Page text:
Most of the research attempts to answer the following broad question: “Are there major differences in the financial position of investors who consulted advisors early on in their lives, and investors who did not. What drives these differences?” There are four main pieces of research often cited in this space (three from the USA and one from Canada). Skimming through the conclusions of these four reports, however, a very interesting pattern emerges:
The Investment Funds Institute of Canada Value of Advice report (2012) concludes that households who consult with advisors continuously for 7-14 years end up with almost double the household assets than households without an advisor. The difference is ascribed almost entirely to the fact that advised households have a much higher savings discipline.
The US National Bureau of Economic Research into the Market for Financial Advice (2012) highlighted the dangers of advisors who merely chase portfolio returns, or who are encouraged to ‘trade portfolios’ aggressively. It is claimed that such advisors reinforce the negative behavioural biases of their clients, destroying value.
Alpha, Beta, and Now…. Gamma by Morningstar (2013) investigated how improved income drawdown strategies could benefit pensioners. It estimated an increased portfolio return of around 1.8% p.a. through improving the financial decision-making of retirees.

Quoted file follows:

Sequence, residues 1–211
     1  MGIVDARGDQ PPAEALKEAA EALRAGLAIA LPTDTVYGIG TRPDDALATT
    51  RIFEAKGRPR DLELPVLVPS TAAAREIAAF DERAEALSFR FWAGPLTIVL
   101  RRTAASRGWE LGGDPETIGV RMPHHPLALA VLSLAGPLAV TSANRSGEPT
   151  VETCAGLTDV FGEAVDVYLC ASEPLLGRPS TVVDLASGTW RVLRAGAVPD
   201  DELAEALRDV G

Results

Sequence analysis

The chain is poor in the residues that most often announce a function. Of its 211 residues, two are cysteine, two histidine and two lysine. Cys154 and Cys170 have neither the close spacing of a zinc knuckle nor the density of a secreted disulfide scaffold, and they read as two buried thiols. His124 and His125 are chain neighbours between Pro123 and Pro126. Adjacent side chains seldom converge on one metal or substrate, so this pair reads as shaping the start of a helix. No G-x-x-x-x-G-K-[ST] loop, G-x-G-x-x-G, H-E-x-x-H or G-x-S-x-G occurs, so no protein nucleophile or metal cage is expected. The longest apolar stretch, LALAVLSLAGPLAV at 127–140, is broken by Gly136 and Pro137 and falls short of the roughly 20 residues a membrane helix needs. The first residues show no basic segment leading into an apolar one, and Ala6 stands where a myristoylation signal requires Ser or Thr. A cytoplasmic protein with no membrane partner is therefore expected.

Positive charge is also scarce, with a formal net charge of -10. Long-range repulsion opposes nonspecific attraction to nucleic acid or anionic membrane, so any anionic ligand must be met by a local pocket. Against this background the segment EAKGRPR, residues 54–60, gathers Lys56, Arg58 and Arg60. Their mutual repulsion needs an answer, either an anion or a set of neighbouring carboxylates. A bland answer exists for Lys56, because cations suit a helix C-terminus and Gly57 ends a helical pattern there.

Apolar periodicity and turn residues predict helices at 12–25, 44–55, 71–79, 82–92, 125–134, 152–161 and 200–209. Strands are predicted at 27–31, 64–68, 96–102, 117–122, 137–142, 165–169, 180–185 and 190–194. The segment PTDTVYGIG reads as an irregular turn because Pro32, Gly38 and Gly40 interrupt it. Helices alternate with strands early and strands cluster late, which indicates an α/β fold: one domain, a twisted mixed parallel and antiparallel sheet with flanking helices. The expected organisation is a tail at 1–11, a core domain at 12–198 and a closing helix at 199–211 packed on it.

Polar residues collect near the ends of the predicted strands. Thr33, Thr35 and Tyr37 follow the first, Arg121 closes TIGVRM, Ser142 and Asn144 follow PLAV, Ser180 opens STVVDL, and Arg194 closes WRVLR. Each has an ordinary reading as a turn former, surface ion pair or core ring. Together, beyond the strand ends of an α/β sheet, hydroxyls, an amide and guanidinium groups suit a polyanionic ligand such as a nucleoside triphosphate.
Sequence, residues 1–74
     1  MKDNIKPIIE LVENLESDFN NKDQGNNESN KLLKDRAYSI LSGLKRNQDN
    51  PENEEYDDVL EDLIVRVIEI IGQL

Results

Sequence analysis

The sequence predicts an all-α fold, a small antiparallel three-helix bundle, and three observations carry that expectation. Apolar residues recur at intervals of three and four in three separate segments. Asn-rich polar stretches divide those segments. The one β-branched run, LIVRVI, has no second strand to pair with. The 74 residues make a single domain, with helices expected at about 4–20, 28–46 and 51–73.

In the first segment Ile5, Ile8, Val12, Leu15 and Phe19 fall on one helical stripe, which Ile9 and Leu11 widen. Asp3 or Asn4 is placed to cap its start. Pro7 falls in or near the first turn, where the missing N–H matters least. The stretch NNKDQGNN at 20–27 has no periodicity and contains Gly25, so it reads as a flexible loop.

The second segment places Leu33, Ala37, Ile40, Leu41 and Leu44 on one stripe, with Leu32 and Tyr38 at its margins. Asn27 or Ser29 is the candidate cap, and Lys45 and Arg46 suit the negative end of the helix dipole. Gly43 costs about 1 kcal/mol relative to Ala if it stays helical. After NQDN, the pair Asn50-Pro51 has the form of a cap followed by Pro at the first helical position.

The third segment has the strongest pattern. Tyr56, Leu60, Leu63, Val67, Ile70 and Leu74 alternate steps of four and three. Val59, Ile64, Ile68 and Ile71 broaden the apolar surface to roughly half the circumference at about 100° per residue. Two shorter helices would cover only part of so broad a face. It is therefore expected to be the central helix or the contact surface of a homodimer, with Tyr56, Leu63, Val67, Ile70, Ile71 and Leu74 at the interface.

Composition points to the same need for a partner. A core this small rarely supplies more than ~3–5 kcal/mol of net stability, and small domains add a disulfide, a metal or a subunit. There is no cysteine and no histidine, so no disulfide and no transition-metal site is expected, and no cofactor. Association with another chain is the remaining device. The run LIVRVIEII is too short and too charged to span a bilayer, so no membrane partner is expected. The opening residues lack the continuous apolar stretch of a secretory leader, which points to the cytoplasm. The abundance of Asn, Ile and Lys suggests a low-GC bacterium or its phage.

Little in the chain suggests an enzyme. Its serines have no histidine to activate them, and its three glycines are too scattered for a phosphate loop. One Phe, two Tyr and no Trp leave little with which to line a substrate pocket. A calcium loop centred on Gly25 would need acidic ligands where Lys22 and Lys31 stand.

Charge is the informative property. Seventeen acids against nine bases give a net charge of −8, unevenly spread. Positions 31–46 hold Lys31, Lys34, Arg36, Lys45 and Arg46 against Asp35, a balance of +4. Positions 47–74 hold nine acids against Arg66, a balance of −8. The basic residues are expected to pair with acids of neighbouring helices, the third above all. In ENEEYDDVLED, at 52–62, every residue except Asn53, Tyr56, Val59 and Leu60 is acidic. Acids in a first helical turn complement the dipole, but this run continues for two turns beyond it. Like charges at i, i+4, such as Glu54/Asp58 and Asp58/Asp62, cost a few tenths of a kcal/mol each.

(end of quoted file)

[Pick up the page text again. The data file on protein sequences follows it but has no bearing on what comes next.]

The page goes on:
In Putting a value on your value: Quantifying Vanguard Advisors’ Alpha (2014) Vanguard analysed the impact of various financial advisor activities on client portfolio performances. It estimated a potential positive portfolio performance impact in the order of 3% p.a. after fees from the following sources: Appropriate portfolio construction (0.75% p.a.); Ongoing rebalancing of portfolio and managing income drawdowns (0.75% p.a.); Behavioural coaching (1.5% p.a.).
Looking at the headline conclusions from these four research reports, one cannot but notice how every report highlights the importance of a financial advisor managing a client’s financial behaviour, decisions and discipline.